BLM starting roundup of 2,000 Nevada mustangs | NevadaAppeal.com

BLM starting roundup of 2,000 Nevada mustangs

Associated Press

ELKO – Federal land managers have begun efforts to round up nearly 2,000 wild horses in eastern Nevada as animal welfare groups urge Congress to repeal a new law that could send some of those mustangs to the slaughterhouse.

Bureau of Land Management officials met with contractors Wednesday to finalize plans for the gather of 1,916 horses in the Antelope complex about 60 miles south of Wells and 60 miles north of Ely.

The BLM intends to return about 440 of those horses back to the range and make nearly 1,500 available for adoption.

The gather was expected to begin Thursday or Friday and last for about 60 days, depending on weather conditions, BLM spokesman Mike Brown said Wednesday.

BLM officials will assess the health of the animals and select those to be turned back out to the wild based on desired characteristics for each herd, he said.

All of the mares to be released will be immunized with a contraceptive drug that typically prevents them for reproducing for two years.

Brown said the roundup is drawing increased attention because of a law President Bush signed last week.

The omnibus spending bill includes a provision that allows the BLM to sell horses that are more than 10 years old and horses that have been unsuccessfully offered for adoption three times.

Under the new law, those horses could end up in slaughterhouses overseas.

The Humane Society of the United States and more than 50 other animal welfare organizations are calling on Congress to repeal the new law.

“This means thousands of wild horses will be taken from holding facilities or the range and sent directly to auction, where they are likely to be bought for slaughter by ‘killer buyers,”‘ the Humane Society said in a statement earlier this week.

“Killer buyers purchase and transport the horses to one of three foreign-owned plants in the U.S. that slaughter horses for human consumption in Europe and Asia,” the group said.

The Nevada Cattlemen’s Association is among the groups that support the measure as a way to reduce what they say is an over population of horses that compete with livestock for food and water.

BLM officials said there currently are about 36,000 and burros across the West. They say that’s at least 7,000 more than the range can sustain.

Nevada leads the nation in wild horses. Last summer, officials estimated there were 19,000 horses on public land down from a high of 25,000 in 2000. The state’s goal is to get the numbers down to 14,500 by the end of 2005.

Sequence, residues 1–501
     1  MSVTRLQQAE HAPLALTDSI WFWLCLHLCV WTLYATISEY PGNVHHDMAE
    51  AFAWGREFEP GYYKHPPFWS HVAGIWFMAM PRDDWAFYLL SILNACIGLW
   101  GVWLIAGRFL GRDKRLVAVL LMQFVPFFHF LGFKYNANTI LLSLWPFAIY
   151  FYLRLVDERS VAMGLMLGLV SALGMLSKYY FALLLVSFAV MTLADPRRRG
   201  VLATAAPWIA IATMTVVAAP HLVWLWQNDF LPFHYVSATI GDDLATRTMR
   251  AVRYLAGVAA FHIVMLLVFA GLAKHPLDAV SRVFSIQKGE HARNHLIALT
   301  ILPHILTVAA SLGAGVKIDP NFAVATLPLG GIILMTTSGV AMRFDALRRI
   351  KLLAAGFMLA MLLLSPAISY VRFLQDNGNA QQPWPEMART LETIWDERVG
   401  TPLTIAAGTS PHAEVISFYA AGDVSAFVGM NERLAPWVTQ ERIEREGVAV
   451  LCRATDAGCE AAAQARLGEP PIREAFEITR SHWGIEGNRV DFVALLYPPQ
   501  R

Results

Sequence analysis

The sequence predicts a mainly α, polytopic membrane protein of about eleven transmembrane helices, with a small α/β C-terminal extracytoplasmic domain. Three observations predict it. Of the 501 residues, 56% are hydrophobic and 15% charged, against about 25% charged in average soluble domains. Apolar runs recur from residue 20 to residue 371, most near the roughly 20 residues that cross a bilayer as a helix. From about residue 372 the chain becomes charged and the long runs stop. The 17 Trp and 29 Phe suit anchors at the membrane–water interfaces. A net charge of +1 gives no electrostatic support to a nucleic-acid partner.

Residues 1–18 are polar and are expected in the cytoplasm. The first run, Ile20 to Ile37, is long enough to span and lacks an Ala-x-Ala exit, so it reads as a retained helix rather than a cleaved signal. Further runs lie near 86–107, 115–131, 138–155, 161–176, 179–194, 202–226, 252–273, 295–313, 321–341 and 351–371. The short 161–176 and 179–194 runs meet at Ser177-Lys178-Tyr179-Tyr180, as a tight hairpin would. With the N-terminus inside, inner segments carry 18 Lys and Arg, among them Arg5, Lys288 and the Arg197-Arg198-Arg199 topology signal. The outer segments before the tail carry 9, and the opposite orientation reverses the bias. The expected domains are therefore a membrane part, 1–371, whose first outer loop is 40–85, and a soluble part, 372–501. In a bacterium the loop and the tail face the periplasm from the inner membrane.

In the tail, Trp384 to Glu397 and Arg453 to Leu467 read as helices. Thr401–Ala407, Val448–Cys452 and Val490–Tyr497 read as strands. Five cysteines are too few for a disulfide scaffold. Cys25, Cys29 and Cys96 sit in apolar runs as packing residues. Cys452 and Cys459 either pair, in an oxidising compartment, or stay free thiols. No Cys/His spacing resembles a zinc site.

Bobbi Royle, director of Wild Horse Spirit in the Washoe Valley south of Reno, is among those who advocate a reversal of the law.

“We have to try to prevent the unnecessary slaughter of a large number of animals, Royle told the Reno Gazette-Journal.

Bonnie Matton of Dayton, president of the Wild Horse Preservation League, said she was shocked to learn about the law.

“Many of us who have been working to protect wild horses are stunned by this extreme measure, Matton said.

She said the Bureau of Land Management is making progress on birth-control methods to help keep herds under control and should be encouraged to pursue its adoption program.

Livestock industry representatives and others concerned about the numbers of wild horses on the range are convinced the legislation is reasonable.

“For years, there have been too many wild horses. This is a way to try to deal with the problem, said state Sen. Dean Rhoads, R-Tuscarora.

Rhoads, a rancher who is chairman of the Senate Natural Resources Committee and the Public Lands subcommittee, said too few horses are being adopted.

“Much of the money the BLM receives is used to keep these horses in pasture. And its very expensive to keep doing this, Rhoads said. He said it costs $1.50 a day to maintain each horse waiting to be adopted.

Richard Thomssen of Dayton said another method to thin the number of wild horses is welcome.

“Id like to see them get down to a reasonable number, Thomssen said. “Ive seen what these horses do to the environment. Theyre very rough on it.

David Nelson of Gardnerville likes the idea of having wild horses in the area but said there could be too many of them.

“If there isnt enough forage for them to survive, the herds need to be thinned. I dont want to see them die of starvation, Nelson said. “But for those that are older, it looks like the new law is a death sentence.